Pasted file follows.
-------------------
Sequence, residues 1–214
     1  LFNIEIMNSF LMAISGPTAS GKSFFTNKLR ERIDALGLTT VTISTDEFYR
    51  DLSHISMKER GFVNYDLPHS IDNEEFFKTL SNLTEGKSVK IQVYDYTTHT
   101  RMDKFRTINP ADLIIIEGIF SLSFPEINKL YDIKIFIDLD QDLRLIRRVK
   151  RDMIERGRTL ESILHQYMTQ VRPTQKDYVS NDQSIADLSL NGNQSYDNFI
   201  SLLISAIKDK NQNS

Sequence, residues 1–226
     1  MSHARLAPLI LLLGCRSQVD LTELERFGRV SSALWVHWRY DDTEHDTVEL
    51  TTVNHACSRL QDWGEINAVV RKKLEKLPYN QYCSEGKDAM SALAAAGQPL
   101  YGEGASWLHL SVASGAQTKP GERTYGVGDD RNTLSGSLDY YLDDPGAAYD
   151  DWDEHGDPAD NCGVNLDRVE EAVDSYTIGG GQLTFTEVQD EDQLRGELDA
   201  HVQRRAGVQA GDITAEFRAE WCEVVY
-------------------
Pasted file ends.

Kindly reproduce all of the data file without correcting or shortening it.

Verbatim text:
Sequence, residues 1–214
     1  LFNIEIMNSF LMAISGPTAS GKSFFTNKLR ERIDALGLTT VTISTDEFYR
    51  DLSHISMKER GFVNYDLPHS IDNEEFFKTL SNLTEGKSVK IQVYDYTTHT
   101  RMDKFRTINP ADLIIIEGIF SLSFPEINKL YDIKIFIDLD QDLRLIRRVK
   151  RDMIERGRTL ESILHQYMTQ VRPTQKDYVS NDQSIADLSL NGNQSYDNFI
   201  SLLISAIKDK NQNS

Sequence, residues 1–226
     1  MSHARLAPLI LLLGCRSQVD LTELERFGRV SSALWVHWRY DDTEHDTVEL
    51  TTVNHACSRL QDWGEINAVV RKKLEKLPYN QYCSEGKDAM SALAAAGQPL
   101  YGEGASWLHL SVASGAQTKP GERTYGVGDD RNTLSGSLDY YLDDPGAAYD
   151  DWDEHGDPAD NCGVNLDRVE EAVDSYTIGG GQLTFTEVQD EDQLRGELDA
   201  HVQRRAGVQA GDITAEFRAE WCEVVY